PR Fail: American Apparel’s ‘Hurricane Sandy Sale’

The hipster dud makers and serial perverts who run American Apparel are no strangers to controversy and bad PR–the company’s former rep recently published a cute book titled “Trust Me, I’m Lying”, and his thesis seems to be that bloggers, reporters and other media personalities are just as dishonest as he is.

The company made another dubious promotional decision yesterday by advertising a 20% off “Hurricane Sandy Sale” for email subscribers living in areas affected by the storm. The message encouraged customers to stop by local branches “in case you’re bored” so they can save a couple of bucks on cheap, LA-made t-shirts guaranteed to fray at the seams within six months.

This characteristically insensitive email blast inspired a stream of outrage on Twitter, with many users promising to boycott the chain and its silver leggings once and for all.

But will this stunt really hurt the company’s reputation–or its sales numbers? We somehow doubt it.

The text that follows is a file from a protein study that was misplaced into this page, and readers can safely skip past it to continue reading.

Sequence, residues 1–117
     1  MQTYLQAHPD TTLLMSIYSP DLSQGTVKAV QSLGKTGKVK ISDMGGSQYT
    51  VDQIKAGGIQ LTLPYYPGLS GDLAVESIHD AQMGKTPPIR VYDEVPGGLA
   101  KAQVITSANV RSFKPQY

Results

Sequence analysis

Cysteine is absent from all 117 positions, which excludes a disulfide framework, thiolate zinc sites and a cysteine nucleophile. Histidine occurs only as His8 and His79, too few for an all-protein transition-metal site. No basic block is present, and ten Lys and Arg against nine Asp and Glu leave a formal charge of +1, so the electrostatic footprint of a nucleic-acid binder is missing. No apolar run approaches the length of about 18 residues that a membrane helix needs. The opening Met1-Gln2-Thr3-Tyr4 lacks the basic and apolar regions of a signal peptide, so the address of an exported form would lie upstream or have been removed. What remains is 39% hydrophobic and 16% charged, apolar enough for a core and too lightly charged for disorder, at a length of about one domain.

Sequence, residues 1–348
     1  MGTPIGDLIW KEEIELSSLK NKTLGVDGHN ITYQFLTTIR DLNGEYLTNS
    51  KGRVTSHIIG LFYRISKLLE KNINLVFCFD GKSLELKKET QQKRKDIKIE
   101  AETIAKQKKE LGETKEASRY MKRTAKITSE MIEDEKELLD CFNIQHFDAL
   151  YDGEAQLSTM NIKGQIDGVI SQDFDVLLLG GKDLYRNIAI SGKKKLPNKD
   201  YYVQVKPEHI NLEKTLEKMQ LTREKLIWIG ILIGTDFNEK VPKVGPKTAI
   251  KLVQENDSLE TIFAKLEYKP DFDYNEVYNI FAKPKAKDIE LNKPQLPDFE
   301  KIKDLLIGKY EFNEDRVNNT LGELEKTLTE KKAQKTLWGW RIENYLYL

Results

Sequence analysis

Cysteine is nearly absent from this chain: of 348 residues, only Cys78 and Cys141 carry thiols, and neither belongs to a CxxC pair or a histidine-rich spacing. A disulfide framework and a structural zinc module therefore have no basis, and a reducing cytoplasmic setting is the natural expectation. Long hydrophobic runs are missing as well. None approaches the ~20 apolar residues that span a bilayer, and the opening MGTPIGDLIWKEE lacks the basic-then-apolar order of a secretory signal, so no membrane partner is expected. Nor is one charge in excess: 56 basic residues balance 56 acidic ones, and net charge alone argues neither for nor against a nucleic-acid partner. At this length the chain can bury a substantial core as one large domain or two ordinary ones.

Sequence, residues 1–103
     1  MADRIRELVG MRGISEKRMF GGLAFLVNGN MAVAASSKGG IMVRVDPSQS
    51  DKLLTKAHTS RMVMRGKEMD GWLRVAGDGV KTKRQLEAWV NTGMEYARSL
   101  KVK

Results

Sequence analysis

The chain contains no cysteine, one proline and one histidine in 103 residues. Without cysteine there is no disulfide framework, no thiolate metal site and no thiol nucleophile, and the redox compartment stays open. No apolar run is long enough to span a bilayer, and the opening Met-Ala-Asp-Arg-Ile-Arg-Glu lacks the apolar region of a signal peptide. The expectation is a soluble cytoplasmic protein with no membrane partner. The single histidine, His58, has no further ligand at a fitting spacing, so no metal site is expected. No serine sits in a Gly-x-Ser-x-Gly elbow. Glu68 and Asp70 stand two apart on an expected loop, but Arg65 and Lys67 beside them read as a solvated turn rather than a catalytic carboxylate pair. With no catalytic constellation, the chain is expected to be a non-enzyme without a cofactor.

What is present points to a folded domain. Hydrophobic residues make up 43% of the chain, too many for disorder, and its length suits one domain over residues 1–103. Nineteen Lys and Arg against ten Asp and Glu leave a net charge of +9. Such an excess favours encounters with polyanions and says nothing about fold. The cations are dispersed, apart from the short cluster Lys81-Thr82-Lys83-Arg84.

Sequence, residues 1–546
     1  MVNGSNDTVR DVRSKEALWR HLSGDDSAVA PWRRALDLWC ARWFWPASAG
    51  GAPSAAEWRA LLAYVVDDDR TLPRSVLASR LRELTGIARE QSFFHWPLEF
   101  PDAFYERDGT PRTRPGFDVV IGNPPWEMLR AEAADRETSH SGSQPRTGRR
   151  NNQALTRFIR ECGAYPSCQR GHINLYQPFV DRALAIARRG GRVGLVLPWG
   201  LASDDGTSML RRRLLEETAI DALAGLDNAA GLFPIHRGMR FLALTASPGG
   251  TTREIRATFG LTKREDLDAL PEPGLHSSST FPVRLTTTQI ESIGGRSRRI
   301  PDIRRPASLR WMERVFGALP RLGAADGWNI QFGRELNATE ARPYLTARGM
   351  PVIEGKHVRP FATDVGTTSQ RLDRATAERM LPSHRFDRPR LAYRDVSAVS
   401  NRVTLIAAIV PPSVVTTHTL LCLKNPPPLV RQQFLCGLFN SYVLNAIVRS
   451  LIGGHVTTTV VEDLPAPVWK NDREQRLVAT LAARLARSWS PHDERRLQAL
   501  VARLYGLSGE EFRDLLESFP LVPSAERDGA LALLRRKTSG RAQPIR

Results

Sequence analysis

We can’t expect much in the way of respectable behavior from American Apparel, which has grown into a big brand by creating a series of NSFW ads that feature everything from grandmas in tights to bottomless porn stars while brazenly dancing along the line between clever and creepy. And we just don’t think this newest spat of negative publicity and online outrage will do much to damage what has proven to be a very resilient business. If CEO Dov Charney has his way, AA could even manage to escape nine straight quarters of losses and multiple bankruptcy scares to become a profitable company again.

But mark our words: getting out of the red won’t make American Apparel any less sleazy.

@PatrickCoffee Patrick Coffee is a senior editor for Adweek.